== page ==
FILE: Alejandro Mayorkas, Deputy Secretary of Homeland Security. Kate Patterson for The Washington Post

House Democrats laid into key administration officials during a closed-door meeting Thursday for launching deportation raids without warning, targeting undocumented immigrants who the critics said were Central Americans fleeing violence in their homelands.

House Minority Leader Nancy Pelosi called a meeting in her chambers of about 20 Democrats, many of them from the Congressional Hispanic Caucus, during which the lawmakers chastised Deputy Homeland Security Secretary Alejandro Mayorkas and White House Domestic Policy Council director Cecilia Munoz for seeking to deport Central American migrants they say should have been treated as refugees, and for spreading fear through immigrant communities that even worse measures were coming.

“We made very clear to this administration how disappointed and how disillusioned we are that they would take these actions not by alerting us – they should do it in consultation with us,” said Rep. Luis Gutierrez (D-Ill.), who was in the meeting. “When Donald Trump is claiming victory of an action of this president, Obama — he’s saying ‘I made Obama do it’ – it tells you how destructive” it is.

The meeting was organized after Gutierrez and Rep. Zoe Lofgren (D-Calif.), the ranking member on the House Judiciary Subcommittee on Immigration and Border Security, approached Pelosi on Wednesday. Authorities began rounding up Central American migrants with deportation orders over New Year’s weekend, and Homeland Security Secretary Jeh Johnson announced Monday that 121 adults and children had been apprehended.

“I have said repeatedly, our borders are not open to illegal migration,” Johnson said at the time. “If you come here illegally, we will send you back consistent with our laws and values.”

According to lawmakers in the meeting, Munoz explained to them that the administration decided to launch the wave of deportations because they charted the numbers of Central American migrants as growing when they should have been falling, suggesting a surge in people fleeing violence would continue.

But House Democrats argue that the wave of Central American migrants coming into the United States, even if they are crossing the southern border, are no ordinary immigrants.

“This is not an immigration issue, this is a refugee issue,” Gutierrez said, pointing out that the migrants from Guatemala, El Salvador and Honduras were fleeing rape, exploitation and human smuggling. “This is a hemispheric problem of the Western hemisphere, and we need to deal with it as a refugee issue and take it out of our normal political process.”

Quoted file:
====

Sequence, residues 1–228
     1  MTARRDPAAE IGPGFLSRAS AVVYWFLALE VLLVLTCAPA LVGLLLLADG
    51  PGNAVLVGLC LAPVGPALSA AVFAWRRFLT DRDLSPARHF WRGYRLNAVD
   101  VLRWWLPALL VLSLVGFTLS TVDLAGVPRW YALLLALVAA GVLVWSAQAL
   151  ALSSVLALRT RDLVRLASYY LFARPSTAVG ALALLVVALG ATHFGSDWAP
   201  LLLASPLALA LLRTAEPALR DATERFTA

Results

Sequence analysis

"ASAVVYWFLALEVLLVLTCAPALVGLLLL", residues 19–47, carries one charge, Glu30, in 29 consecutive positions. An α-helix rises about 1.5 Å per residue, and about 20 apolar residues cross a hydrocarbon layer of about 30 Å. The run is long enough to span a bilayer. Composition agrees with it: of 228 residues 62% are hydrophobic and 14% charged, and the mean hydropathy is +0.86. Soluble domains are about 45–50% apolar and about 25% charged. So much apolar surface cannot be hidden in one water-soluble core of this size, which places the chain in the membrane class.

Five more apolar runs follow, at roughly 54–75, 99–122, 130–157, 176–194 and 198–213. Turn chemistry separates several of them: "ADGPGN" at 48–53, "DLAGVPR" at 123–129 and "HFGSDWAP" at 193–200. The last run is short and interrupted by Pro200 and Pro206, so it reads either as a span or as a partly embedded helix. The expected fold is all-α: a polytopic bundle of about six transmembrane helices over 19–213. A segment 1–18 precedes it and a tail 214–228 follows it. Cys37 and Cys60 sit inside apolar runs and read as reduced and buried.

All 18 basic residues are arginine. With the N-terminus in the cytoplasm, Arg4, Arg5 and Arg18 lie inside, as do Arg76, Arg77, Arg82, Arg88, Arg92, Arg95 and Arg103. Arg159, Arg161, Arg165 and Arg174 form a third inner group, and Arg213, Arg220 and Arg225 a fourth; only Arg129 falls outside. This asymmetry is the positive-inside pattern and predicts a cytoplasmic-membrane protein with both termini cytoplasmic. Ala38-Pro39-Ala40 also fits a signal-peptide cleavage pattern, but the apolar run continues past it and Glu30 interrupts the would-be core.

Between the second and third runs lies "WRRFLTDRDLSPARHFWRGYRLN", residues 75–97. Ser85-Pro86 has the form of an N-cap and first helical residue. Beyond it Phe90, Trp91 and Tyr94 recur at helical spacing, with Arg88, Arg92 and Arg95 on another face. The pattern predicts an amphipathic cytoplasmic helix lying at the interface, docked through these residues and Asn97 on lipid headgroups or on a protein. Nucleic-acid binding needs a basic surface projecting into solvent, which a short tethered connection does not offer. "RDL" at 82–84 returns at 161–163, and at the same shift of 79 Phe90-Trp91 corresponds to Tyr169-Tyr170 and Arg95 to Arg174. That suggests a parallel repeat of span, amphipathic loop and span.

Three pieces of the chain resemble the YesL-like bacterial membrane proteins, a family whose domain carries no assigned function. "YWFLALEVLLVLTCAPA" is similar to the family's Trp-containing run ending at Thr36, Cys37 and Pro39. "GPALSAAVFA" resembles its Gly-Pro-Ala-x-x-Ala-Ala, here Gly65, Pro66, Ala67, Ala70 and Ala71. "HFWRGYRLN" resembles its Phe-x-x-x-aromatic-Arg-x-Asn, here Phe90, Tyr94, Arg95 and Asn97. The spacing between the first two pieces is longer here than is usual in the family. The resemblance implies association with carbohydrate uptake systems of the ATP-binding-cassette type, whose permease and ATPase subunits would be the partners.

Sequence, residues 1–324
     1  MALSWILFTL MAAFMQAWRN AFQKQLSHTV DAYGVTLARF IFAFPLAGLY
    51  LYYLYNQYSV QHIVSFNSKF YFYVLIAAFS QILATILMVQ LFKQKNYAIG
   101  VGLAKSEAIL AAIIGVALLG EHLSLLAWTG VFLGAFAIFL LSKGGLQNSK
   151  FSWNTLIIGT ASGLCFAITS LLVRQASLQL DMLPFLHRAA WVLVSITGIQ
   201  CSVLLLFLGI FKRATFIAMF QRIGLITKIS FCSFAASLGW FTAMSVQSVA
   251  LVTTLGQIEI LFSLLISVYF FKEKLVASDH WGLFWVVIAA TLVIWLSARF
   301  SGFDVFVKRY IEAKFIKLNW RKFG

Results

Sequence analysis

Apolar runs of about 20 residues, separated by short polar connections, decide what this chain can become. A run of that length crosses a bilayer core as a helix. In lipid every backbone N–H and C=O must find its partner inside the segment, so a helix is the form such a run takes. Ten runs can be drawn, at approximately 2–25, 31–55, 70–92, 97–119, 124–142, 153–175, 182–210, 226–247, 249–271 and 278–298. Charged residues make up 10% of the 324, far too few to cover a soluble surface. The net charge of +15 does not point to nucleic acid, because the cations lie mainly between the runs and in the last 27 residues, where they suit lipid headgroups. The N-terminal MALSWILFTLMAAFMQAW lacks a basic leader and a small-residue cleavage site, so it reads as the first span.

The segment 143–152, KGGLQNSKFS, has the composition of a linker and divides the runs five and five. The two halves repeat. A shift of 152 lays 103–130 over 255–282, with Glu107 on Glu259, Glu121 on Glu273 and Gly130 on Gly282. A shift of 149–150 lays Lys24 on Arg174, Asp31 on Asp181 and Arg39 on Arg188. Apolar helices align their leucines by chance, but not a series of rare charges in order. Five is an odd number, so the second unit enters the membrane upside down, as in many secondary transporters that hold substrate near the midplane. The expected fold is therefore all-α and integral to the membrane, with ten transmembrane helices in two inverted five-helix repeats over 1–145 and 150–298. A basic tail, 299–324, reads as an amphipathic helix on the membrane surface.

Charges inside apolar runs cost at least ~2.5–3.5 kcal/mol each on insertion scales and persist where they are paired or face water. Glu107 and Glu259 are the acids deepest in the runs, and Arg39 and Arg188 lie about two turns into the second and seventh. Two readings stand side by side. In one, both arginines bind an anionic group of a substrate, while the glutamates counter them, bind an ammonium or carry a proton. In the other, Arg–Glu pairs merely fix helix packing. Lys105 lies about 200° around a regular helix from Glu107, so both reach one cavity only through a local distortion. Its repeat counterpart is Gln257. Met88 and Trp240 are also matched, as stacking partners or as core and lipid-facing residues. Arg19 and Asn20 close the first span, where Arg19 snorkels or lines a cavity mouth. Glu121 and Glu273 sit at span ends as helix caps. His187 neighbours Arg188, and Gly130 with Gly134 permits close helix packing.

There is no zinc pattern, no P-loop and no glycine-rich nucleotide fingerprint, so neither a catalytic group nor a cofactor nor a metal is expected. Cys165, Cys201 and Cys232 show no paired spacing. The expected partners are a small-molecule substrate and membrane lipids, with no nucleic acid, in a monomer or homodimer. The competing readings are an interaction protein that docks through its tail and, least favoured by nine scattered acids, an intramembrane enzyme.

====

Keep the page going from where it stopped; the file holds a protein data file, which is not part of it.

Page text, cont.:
Lofgren, who worked an immigration lawyer, said the problem in many of the deportation cases was systemic: Many of the Central American migrants simply don’t know they can try to claim refugee status when they arrive, and because the civil immigration law don’t guarantee a right to counsel, they aren’t getting good advice as they are moved through the deportation process.

Most of the handful of those who have appealed their deportation orders have had them stayed, Lofgren added.

“There’s a real due process problem,” Lofgren said. “Now that problem is inherent in the system but if you’re an economic migrant, the worst case is an economic ramification, but in this case it’s a lethal result.”

The United Nations Protocol related to the Status of the Refugees, to which the United States is a party, defines a refugee as a person with a “well-founded fear of being persecuted” because of their race, religion, nationality, membership of a particular social group or political opinion.

Pelosi, Lofgren, Gutierrez and their colleagues argue that the violence in Central America means the people fleeing the region should be treated the way Syrian refugees are being treated when they arrive in Turkey, Lebanon or Jordan.

“It isn’t about your right to come to the United States of America, it’s about your right to be able to seek refuge and not to be murdered,” Gutierrez said, noting that the United States shouldn’t have to shelter all the Central Americans who arrive — but shouldn’t be sending them back home.

Earlier on Thursday, Democratic presidential candidate Sen. Bernie Sanders (Vt.) sent a letter to President Obama urging him to extend temporary protected status to the Central American families being targeted in the raids. Presidential candidates Hillary Clinton and Martin O’Malley have also voiced concerns over the deportations.

The administration has not indicated any intention to pull back on the deportations. But even if officials do take steps to change course in the days ahead, many fear significant damage has already been done.

Democrats argued that if they had been consulted, they could have helped with informing communities about the coming raids, lessening the panic that resulted when people heard that raids were coming through a Washington Post report published just before Christmas.

According to lawmakers in the meeting, Munoz said the administration never intended for information about the raids to be leaked to the press. But Gutierrez believes the administration had every intention warn other Central Americans not to come.

“There is fear throughout the immigrant community and it doesn’t matter – there are raids in people’s minds that are going on that are not happening,” Gutierrez said. “But people believe they are happening.”